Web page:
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Head gasket blown after catalytic converter repair?

Discussion in 'Gen 3 Prius Technical Discussion' started by Brittany Blackwell, Jun 9, 2022.

  1. Brittany Blackwell

    Brittany Blackwell New Member

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    Greetings wise folks of Priuschat,
    My 2013 has 178k miles on it. 6 weeks ago my catalytic converter was stolen over night. I took it to Toyota and it sat for 6 weeks while we waited on the cat to come in. Went down yesterday to pick it up, and as soon as I turned it on the check engine like was on. They scanned for codes and said misfire on cylinder 2 and 3. Left the car there for the mechanic to investigate further. They called me today saying that the head gasket was blown and needed to be replaced.

    I’m not very mechanically inclined, I do change my own oil on time and check in between changes to make sure it’s not getting low. Other than that I rely on the dealership to do the correct maintenance on it. I’m just wondering if this timeline makes sense? The engine light was NOT on before the cat theft and there was absolutely no indication of head gasket issues. I understand that it’s an issue and I’m at the right mileage for this to happen, but there were no problems at all until after it has been with them for 6 weeks. Is this strange?
     
  2. PriusCamper

    PriusCamper Senior Member

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    While it's always tempting to be suspicious, as a mechanic who is often on the other side of this... Sometimes coincidences are nothing more than coincidences. But, just in case, if you can avoid giving that shop any more of your money and have someone else do the work that'd be wise.

    Also in general a failed head gasket diagnosis on a Gen3 Prius doesn't mean you instantly have to fix it. As long as the engine isn't running rough on start up and your coolant reservoir isn't going down very fast you can use the car for short trips around town, sometimes for years without much of an issue. Just don't push it too far because once the engine starts running rough you can ruin the dampener inside the transmission and that will get super expensive.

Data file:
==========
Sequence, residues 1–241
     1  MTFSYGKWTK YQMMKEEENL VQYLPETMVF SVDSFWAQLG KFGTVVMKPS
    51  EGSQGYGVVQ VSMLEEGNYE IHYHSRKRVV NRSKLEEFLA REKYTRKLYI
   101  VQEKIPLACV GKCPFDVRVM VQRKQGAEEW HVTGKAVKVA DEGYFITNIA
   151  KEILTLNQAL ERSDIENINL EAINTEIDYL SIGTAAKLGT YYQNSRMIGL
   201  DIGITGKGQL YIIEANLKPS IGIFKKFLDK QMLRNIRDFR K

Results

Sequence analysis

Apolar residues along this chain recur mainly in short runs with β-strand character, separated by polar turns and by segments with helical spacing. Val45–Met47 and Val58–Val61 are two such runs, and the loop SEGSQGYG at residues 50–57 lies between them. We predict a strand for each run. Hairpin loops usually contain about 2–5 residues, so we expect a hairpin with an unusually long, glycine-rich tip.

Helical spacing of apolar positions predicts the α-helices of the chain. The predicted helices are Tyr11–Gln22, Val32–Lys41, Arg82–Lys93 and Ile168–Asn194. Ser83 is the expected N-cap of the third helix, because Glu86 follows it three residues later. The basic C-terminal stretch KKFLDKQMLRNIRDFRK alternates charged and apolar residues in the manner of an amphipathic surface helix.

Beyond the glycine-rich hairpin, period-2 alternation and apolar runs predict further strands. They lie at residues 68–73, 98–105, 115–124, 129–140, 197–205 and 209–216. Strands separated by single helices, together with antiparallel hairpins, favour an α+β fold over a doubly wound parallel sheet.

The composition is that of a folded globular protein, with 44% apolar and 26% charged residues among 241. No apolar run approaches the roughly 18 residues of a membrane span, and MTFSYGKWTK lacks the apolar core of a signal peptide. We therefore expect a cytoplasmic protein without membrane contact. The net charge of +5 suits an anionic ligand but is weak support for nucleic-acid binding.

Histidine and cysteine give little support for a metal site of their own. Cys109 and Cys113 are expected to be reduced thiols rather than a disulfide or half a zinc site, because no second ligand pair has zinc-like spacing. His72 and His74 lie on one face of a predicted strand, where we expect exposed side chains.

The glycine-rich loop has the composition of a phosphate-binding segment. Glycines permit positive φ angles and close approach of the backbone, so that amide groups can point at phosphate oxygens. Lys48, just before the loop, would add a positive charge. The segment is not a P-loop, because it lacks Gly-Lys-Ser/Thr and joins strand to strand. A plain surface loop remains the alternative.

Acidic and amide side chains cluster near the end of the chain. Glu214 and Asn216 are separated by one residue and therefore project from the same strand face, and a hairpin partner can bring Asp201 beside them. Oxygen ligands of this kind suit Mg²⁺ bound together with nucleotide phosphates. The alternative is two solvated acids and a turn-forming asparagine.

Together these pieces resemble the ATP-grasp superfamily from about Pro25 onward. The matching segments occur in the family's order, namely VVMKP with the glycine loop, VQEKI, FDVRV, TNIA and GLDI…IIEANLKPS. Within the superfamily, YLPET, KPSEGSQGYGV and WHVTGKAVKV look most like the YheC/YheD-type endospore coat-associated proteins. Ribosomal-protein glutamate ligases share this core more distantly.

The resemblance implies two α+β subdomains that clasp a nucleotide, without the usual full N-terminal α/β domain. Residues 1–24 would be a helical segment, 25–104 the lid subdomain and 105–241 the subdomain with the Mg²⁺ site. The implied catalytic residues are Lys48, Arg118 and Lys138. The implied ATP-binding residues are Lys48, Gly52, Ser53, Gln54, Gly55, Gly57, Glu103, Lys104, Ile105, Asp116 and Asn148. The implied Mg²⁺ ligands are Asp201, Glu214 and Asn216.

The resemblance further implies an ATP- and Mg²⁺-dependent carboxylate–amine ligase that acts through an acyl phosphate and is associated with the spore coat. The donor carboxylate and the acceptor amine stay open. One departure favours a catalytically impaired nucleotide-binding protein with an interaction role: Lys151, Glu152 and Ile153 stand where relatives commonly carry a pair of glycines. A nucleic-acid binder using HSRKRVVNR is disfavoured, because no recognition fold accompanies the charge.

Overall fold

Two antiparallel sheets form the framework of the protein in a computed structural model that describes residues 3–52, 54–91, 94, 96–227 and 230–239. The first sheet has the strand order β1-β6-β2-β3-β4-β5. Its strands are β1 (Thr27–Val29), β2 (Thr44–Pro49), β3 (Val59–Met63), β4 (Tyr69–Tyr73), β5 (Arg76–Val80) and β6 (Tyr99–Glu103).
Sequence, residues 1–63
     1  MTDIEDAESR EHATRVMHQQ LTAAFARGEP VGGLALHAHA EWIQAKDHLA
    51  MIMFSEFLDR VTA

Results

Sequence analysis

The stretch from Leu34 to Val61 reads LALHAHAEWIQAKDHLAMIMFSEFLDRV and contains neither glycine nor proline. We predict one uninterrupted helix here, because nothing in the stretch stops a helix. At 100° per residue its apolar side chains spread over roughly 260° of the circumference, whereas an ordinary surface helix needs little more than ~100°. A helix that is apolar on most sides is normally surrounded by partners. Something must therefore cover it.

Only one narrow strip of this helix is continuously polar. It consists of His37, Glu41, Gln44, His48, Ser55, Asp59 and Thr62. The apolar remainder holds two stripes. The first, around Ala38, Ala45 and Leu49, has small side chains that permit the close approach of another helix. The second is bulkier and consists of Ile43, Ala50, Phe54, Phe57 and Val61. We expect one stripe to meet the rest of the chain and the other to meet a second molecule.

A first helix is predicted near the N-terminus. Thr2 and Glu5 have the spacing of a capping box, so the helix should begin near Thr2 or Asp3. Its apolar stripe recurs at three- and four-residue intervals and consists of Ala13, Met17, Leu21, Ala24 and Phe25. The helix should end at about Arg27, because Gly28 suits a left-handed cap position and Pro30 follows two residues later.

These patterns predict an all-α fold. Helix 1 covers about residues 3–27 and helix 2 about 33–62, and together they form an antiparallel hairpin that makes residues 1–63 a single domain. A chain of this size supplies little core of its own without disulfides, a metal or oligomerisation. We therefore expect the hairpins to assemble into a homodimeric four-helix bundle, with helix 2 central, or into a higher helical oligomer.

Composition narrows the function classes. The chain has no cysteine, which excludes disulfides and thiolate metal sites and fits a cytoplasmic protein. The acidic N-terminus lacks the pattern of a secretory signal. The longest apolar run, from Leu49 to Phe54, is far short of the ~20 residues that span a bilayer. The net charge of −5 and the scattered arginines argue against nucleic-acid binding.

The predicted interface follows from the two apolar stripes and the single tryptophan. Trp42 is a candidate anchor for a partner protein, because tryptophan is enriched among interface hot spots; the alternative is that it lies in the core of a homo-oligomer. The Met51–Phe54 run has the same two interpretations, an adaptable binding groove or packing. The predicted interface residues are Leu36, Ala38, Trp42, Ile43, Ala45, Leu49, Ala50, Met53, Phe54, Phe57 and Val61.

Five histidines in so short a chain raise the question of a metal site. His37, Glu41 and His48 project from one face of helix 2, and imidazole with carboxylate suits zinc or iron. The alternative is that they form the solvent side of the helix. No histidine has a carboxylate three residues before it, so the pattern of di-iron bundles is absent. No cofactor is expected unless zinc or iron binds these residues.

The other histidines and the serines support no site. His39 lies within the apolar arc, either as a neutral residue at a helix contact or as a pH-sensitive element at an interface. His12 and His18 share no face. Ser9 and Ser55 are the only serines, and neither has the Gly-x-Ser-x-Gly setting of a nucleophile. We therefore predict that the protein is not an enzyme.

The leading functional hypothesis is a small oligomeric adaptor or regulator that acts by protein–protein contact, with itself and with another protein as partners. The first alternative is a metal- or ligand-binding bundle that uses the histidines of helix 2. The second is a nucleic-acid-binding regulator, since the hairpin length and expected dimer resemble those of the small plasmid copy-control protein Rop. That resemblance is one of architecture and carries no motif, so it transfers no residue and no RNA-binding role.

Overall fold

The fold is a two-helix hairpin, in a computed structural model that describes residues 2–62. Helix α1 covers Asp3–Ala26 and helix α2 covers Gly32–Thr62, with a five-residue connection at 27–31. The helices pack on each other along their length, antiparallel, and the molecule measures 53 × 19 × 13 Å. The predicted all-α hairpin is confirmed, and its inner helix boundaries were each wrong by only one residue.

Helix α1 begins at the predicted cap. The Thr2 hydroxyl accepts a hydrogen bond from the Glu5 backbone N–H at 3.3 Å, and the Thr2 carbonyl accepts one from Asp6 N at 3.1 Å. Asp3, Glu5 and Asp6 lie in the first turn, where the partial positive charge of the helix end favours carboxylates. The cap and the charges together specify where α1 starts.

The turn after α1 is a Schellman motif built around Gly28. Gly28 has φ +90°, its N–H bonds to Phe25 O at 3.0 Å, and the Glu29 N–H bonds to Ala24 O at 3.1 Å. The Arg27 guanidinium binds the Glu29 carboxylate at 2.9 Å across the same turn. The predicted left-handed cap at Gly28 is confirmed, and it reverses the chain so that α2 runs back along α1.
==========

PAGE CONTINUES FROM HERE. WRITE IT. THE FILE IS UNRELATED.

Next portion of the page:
2010moneypit? likes this.
  3. rjparker

    rjparker Tu Humilde Sirviente

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    I doubt there is anything the mechanic or anyone could have done to create a hg problem.

    I would get the car back and check the symptoms. As suggested, it may run fine for awhile or it may be time for a hg or engine. The risk is a smaller hg job could progress to an engine. Either way, shop around for an independent shop.

    If it is a head gasket, odds are it was leaking an occasional small amount of coolant and sealing itself off everytime you started it. Normally this creates no codes but could have had a random start up rattle. But sitting for six weeks under the right conditions could aggravate a small leak enough to create a full blown hg leak that will create codes.

    Or it could have been fouled plugs due to the gen3 liquids in the intake problem or several other reasons. Driving it yourself might tell the story.
     
  4. Mendel Leisk

    Mendel Leisk Senior Member

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    178K miles. And presumably the EGR circuit (including intake manifold never cleaned)? You've done better than some to dodge head gasket failure this long. And Toyota's done squat, basically.
     
  5. PriusCamper

    PriusCamper Senior Member

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    Makes me think the root of Toyota's denial is based on as long as the car gets at least 100K miles before headgasket blows, it's not their problem.
     
    Mendel Leisk likes this.
  6. Tombukt2

    Tombukt2 Senior Member

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    I guess this is a carb certified car and one of those funny States is why it went to the dealer for the converter I wouldn't have to do that here so makes a humongous difference you know $1,300 part versus $140